The smallest group of atoms or molecules, whose repetition at regular intervals in three dimensions produces a crystal, is called as a Unit cell. Hence, a unit cell is the smallest portion of a crystal lattice which, when repeated in different directions, generates the entire lattice. Each unit cell is defined in terms of lattice points – the points in space about which the particles are free to vibrate in a crystal.
The position of atoms, molecules, or ions in a solid crystal, relative to one other in space, is usually designated by points. Such a representation is called space lattice. Thus, we define the space lattice as an array of points showing how molecules, atoms or ions are arranged at different sites in three-dimensional spaces.
A unit cell is characterized by:
(i) Its dimensions along the three edges, a, b and c. These edges may or may not be mutually perpendicular.
(ii) Angles between the edges, α (between b and c) β (between a and c) and γ (between a and b). Thus, a unit cell is characterized by six parameters, a, b, c, α, β and γ.
Types of Unit Cells:
Unit cells can be broadly divided into two categories: i) Primitive and ii) Centred unit cells.
(a) Primitive/ Simple Unit Cells: When constituent particles are present only in the corner positions of a unit cell, it is called a primitive unit cell.
(b) Centered Unit Cells: When a unit cell contains one or more constituent particles present at positions other than corners in addition to those at corners, it is called a centred unit cell.
Centered unit cells are of three types:
(i) Body-Centered Unit Cells (BCC): A unit cell contains one constituent particle (atom, molecule or ion) at its body-centre and eight particles are at its corners.
(ii) Face-Centered Unit Cells (FCC): A unit cell contains one constituent particle present at the centre of each face, along with eight particles at its corners.
(iii) End-Centered Unit Cells (ECC): A unit cell, one constituent particle is present at the centre of any two opposite faces along with eight particles at its corners.
Bravais Lattices: The French crystallographer August Bravais in 1848 showed from the geometrical consideration that there can be only 14 different ways in which similar points can be arranged in a three-dimensional space. Thus, the total number of space lattices belonging to all the seven basic crystal system but together is only 14.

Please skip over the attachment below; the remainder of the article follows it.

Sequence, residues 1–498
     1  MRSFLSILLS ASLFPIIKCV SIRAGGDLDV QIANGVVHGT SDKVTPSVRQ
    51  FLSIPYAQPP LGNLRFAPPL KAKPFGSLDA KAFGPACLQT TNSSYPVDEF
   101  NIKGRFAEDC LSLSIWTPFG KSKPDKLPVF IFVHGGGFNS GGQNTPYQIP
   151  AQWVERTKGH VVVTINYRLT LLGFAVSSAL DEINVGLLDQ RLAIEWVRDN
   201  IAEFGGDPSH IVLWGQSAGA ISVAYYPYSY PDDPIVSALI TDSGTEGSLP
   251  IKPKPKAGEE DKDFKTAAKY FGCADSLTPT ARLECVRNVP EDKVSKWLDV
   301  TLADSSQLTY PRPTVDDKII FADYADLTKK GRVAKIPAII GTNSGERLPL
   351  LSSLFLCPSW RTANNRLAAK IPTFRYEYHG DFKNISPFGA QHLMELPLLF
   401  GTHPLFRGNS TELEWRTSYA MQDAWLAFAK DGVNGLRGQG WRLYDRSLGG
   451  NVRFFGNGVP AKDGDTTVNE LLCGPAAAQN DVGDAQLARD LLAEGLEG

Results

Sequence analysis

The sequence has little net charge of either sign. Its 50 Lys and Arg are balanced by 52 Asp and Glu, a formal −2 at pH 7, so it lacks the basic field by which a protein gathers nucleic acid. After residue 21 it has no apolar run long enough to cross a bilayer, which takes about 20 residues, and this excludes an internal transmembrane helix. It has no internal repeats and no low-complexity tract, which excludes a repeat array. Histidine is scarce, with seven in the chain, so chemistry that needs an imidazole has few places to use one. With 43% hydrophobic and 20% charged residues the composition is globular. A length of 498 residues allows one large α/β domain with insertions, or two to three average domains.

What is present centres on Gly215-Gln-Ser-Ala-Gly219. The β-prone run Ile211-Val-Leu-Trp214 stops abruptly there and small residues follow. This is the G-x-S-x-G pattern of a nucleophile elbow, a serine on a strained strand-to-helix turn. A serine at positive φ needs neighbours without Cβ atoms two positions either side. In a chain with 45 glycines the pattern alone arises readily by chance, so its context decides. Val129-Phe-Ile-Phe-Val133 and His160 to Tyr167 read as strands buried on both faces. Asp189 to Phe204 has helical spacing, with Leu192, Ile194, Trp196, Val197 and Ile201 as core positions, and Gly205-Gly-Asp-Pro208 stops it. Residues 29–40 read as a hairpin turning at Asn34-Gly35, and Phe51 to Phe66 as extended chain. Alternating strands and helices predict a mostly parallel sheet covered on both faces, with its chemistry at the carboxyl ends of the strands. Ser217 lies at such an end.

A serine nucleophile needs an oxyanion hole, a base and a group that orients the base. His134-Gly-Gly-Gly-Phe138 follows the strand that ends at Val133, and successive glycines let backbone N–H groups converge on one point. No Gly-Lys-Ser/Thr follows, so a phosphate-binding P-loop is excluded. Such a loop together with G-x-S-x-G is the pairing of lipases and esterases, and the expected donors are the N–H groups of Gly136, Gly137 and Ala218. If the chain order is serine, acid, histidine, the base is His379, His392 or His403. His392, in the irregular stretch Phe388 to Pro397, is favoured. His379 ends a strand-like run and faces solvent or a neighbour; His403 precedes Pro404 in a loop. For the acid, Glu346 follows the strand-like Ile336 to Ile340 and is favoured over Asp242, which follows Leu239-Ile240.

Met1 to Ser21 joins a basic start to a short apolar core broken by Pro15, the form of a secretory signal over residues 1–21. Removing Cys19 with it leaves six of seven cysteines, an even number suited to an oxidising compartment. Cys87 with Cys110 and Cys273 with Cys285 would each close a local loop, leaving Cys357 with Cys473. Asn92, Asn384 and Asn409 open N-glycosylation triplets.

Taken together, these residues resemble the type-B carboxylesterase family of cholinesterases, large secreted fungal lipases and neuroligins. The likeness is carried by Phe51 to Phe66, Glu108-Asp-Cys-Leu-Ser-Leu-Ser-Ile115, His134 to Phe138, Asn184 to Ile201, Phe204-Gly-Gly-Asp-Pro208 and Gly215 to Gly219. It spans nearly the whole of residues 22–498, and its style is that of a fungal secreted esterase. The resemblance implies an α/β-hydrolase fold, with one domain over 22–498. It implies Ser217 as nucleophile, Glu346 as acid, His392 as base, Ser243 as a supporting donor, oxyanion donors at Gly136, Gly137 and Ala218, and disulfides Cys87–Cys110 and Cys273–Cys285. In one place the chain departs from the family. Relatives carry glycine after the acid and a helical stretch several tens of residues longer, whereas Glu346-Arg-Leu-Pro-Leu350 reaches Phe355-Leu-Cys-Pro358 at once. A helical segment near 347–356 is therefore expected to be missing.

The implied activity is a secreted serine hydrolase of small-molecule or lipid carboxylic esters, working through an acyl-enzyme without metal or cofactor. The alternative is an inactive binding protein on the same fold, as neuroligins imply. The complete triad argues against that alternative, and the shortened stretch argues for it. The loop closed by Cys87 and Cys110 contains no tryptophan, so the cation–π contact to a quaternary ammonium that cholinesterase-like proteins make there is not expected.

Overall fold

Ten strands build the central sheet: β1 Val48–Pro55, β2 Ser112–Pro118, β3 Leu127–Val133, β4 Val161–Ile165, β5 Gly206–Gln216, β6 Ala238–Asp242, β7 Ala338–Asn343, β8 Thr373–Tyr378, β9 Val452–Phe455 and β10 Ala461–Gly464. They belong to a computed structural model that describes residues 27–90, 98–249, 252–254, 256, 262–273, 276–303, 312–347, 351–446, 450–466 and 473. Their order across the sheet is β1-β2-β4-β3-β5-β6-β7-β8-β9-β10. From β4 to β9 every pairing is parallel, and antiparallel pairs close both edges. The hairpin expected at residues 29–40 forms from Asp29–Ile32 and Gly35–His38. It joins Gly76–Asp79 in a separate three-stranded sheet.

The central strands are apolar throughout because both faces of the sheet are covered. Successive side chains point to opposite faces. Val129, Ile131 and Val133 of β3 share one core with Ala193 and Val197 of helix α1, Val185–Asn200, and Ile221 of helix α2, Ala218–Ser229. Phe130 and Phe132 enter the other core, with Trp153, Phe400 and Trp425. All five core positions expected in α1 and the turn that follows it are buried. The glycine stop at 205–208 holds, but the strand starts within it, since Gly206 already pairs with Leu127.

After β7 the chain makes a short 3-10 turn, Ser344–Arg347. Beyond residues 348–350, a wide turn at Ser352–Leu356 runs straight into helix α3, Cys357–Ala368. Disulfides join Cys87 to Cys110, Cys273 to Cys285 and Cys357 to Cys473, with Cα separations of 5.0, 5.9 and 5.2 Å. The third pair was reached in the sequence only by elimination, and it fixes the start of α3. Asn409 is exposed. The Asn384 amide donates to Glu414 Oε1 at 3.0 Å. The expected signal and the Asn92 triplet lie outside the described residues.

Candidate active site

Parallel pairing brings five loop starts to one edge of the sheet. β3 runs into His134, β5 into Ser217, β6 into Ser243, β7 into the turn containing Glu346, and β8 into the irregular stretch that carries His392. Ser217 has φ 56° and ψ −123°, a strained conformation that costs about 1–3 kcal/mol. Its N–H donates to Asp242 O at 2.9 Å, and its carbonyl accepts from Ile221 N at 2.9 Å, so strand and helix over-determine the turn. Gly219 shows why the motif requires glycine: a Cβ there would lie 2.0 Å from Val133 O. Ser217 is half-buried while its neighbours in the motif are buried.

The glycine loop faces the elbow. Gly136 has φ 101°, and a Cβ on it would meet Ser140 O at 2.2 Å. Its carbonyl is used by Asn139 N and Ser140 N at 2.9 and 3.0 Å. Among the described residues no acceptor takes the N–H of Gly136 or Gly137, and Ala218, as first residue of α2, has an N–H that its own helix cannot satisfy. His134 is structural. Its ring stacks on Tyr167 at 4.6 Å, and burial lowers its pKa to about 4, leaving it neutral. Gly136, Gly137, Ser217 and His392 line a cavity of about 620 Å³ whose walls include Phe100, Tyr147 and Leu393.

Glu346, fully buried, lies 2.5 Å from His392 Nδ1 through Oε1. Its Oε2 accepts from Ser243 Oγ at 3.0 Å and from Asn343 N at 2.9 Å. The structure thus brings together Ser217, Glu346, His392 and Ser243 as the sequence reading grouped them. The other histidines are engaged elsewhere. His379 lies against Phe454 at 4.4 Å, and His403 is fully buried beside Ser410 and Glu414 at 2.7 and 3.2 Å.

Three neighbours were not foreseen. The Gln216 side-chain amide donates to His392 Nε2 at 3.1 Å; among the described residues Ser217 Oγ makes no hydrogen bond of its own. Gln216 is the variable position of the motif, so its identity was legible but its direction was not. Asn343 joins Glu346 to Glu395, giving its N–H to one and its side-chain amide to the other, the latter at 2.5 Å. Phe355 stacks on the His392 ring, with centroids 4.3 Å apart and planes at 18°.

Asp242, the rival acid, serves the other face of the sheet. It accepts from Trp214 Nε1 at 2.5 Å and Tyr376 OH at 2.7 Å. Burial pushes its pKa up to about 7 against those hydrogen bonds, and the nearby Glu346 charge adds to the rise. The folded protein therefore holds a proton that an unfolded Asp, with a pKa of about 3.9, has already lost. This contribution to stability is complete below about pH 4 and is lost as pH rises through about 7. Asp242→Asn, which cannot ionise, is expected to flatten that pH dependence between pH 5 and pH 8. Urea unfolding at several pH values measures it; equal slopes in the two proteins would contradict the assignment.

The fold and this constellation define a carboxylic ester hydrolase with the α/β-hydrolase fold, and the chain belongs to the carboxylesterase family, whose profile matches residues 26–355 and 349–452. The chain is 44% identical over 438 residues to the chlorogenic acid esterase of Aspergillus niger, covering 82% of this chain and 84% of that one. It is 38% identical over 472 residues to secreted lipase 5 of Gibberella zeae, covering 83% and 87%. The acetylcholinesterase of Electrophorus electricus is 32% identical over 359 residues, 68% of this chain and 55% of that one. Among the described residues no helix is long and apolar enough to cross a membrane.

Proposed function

There are seven types of primitive unit cell and they give rise to seven crystal systems.
Seven crystal systems: Cubic, Tetragonal, Orthorhombic, Monoclinic, Hexagonal, Rhombohedral, Triclinic. The seven crystal systems make total fourteen types of unit cells, hence space lattices.
Specifications for the seven basic crystal systems are given in the tabular form:
The different types of Bravais lattices are shown below:
The solid states of the majority of metallic elements, some covalent compounds, and many ionic compounds occur as cubic lattices. A key parameter of any lattice is the coordination number; it is defined as the number of nearest neighbors of a particle.
The question arises, how many particles make up a unit cell?
If the particles are of the same size, the higher the coordination number, the greater the number of particles in a given volume. Since one unit cell touches another, with no gaps in a space lattice, so a particle at the corner or face is shared by adjacent unit cells. In cubic unit cells, the particle at each corner is part of 8 adjacent unit cells. So one-eighth of each particle belongs to each unit cell. There are eight corners in a cube, so:
- A simple/ primitive unit cells contain 8 x 1/8 particle = 1 particle.
- A body centered cubic unit cell, contains 8 x 1/8 = 1 particle + 1 particle in the centre, thus, a total of 2 particles.
- A face centered cubic unit cell contains 8 x 1/8 = 1 particle + 1/2 particle in each of the six faces, or 6 x ½ particle = 3 particles, thus a total of 4 particles.